I’ve been testing running shoes for long enough to know that most brands follow the ‘pink it and shrink it’ approach to female running shoes; simply making male shoes slightly smaller, slightly narrower, and slightly more, well, pink. For a long time, the best running shoes have been designed by a mostly male design team, and predominately tested on the male foot.
This year, Adidas has made some significant changes to one of its most popular running shoes with female runners in mind. Adidas recruited an all-female team of designers and used scans from 1.2 million female feet to re-design the Ultraboost.
The Ultraboost 22 has a narrower heel, a lower instep, and an S-curve heel to allow the Achilles tendon to move more freely. But how does it feel on the run? I was one of the first people to run in the new Ultraboost 22, so read on to hear my first thoughts, and see if they're worthy of being named one of the best women's running shoes.
Adidas Ultraboost 21: Price and availability
The Ultraboost 22 are on sale for Adidas members from Monday, December 6. They are on sale in shops and online on Thursday, December 9. The shoe retails at $190/£165.
Adidas Ultraboost 21 vs Adidas Ultraboost 22: What's changed
I’ve always had a problem with the Ultraboost 21 — they’re super bouncy and comfortable on the run, but they just don’t fit my foot right. I’m a UK 5 with high arches and I’ve always found that the Primeknit upper, which is one piece of material, fits far too tight across the top of my foot. This is fine when I’m running, but if I ever wore the shoes to the gym, or walking the dog, the top of my foot would physically hurt by the end of the workout. Of course, this doesn’t make the shoe bad, but if you’re spending $200 on a shoe, you want to be able to wear it casually too, right?
I know I’m not alone in these fit issues either — another female running friend found the upper was too saggy on her narrower feet, and she always had excess material bunching on the top of her foot, which wasn’t particularly comfortable. We were both intrigued to see what had happened to the shoe once an all-female design team had gotten involved.
The result? The fit is completely different on the Ultraboost 22. The upper feels like it has more give, and the heel of the shoe fits my foot better. I’ve worn it on a light jog around London soaking up the Christmas lights, on a 5-mile progression run on the treadmill, and a rainy 5K on wet pavements.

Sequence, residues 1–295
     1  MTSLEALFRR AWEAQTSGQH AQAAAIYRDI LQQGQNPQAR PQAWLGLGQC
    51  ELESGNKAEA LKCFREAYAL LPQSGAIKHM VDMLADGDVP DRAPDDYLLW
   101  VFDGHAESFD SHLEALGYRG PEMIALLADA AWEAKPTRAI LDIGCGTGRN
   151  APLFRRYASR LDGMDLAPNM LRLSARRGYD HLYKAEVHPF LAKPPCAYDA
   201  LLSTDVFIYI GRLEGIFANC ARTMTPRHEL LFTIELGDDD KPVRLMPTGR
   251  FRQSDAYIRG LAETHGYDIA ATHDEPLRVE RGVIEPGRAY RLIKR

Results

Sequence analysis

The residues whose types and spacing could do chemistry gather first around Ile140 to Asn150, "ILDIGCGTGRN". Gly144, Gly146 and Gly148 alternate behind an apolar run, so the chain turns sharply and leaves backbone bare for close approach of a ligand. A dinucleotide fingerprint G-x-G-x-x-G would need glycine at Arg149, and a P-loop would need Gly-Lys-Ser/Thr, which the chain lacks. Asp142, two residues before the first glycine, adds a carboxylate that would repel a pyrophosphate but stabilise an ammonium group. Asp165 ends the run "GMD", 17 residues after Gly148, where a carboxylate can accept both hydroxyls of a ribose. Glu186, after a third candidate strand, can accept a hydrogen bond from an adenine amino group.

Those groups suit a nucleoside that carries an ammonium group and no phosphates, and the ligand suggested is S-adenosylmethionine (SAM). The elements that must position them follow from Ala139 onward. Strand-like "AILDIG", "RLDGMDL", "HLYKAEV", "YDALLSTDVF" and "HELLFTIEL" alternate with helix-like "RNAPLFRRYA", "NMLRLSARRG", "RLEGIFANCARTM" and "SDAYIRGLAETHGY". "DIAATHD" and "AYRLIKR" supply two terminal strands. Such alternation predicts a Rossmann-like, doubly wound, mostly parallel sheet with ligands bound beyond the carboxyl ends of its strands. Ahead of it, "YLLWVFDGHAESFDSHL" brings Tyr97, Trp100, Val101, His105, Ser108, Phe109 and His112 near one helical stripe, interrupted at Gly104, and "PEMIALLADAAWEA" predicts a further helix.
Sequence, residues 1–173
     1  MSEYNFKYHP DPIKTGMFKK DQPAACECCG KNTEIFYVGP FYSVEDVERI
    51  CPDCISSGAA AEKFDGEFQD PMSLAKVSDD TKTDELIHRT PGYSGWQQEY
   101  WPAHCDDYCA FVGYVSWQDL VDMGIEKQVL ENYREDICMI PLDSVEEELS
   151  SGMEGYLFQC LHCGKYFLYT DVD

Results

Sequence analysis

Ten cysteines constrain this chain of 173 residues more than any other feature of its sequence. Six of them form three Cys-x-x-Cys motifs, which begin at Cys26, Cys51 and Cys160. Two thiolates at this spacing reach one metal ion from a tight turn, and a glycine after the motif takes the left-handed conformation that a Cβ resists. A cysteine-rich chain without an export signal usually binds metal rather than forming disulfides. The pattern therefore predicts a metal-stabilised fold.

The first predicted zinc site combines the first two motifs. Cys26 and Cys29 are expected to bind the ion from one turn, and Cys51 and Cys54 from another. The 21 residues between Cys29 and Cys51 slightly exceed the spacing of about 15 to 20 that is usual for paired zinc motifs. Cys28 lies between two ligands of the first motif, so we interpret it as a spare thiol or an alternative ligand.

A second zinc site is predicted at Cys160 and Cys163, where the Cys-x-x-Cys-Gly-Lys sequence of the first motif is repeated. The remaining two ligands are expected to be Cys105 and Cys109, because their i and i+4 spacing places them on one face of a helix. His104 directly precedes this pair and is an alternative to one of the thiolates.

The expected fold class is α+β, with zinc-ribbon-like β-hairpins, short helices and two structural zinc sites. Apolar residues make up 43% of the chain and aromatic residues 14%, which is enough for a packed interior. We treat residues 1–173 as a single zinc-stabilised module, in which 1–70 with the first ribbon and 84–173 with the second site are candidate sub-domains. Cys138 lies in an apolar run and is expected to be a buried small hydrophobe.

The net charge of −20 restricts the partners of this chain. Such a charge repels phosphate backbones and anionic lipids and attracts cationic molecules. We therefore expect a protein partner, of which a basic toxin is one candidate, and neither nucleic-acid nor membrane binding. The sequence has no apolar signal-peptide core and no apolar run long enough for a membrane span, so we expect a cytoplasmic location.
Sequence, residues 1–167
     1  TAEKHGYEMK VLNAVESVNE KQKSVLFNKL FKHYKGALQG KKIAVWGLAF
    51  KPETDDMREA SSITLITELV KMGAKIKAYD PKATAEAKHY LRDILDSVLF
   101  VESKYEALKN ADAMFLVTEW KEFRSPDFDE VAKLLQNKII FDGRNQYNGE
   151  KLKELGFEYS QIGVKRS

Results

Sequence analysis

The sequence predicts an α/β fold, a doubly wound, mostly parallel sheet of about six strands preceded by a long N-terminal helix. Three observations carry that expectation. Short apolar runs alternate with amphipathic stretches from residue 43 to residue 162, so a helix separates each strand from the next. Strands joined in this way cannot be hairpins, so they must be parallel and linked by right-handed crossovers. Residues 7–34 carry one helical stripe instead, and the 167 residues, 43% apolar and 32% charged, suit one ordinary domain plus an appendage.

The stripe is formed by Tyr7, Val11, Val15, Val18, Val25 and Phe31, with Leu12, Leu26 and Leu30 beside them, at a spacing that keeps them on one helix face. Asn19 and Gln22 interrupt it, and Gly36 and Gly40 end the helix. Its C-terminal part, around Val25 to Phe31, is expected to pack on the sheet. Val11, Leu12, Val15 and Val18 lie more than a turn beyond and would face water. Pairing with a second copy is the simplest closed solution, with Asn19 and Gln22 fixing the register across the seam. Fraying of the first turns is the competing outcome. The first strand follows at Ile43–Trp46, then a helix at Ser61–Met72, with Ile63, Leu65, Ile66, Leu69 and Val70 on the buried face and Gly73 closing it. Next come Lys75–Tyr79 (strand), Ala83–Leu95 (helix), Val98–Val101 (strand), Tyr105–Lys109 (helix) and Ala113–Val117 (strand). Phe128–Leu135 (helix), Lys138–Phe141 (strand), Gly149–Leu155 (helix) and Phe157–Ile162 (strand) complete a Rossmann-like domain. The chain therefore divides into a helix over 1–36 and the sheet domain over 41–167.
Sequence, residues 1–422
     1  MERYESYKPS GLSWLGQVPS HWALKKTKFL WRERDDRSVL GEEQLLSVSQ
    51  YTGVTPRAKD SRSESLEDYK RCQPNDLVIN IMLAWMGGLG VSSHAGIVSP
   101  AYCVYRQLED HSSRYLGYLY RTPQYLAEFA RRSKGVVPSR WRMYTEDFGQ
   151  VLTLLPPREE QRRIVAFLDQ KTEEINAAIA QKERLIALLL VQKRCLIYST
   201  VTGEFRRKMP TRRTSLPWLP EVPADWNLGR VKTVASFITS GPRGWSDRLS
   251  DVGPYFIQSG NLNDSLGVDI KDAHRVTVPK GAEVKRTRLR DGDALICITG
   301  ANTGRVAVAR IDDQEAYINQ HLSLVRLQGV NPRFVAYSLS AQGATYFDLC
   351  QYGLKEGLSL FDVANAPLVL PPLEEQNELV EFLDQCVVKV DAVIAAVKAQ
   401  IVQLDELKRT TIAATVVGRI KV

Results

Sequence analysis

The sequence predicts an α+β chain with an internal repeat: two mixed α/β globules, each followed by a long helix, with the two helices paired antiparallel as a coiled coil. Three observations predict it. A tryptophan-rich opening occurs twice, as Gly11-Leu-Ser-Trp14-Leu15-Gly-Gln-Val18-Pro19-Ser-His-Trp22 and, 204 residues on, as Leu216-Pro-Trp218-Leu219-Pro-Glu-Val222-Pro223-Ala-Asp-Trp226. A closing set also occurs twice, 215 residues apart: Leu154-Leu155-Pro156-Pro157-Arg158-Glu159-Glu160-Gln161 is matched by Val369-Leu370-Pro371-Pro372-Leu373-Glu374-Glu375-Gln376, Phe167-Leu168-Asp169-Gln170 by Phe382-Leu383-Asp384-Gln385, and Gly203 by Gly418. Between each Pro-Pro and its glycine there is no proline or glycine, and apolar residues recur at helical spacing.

Adidas has also added more support to prevent overpronation in the Ultraboost 22, adding an extra plastic support rail to the inner part of the outsole, underneath the arch. Studies have suggested women pronate more than men, although Adidas didn’t share findings like this at the launch of the shoe.
Finally, along with the same Linear Energy Push system found on the outsole of the Ultraboost 21, the tweaks to the upper and fit of the shoe have led Adidas to claim that the shoe gives women 4% more energy return.
Adidas Ultraboost 22: First impressions
From what Adidas has said, men who switch from the Ultraboost 21 to the Ultraboost 22 won't see much difference — there are some tweaks to the upper — as the majority of the changes have been to the women’s version of the Ultraboost 22.
For female runners, however, this shoe is far more comfortable. I found the shoe didn’t sit too tight against my foot and felt comfortable straight from the box. Like previous iterations of the Ultraboost, it’s soft and bouncy enough to wear on my longer runs, but it also has a good amount of snap for faster miles. Unlike other versions of the shoe, my foot felt stable around corners on wet pavement, however, I’m yet to try it on the track.
I'll be running a bit more in the Ultraboost 22 before I render a final verdict and rating, but after 10 miles, I’d go as far as to say that this is an excellent everyday running shoe for most women. It’s comfortable, supportive, and has a mild level of support for overpronators. It’s heavy, so speedier runners will probably want to save it for easy running days, but beginners will love the support it offers underfoot.
As a female runner, it’s also super encouraging to see Adidas recognizing the importance of building shoes for female feet — let's hope other brands sit up and take note.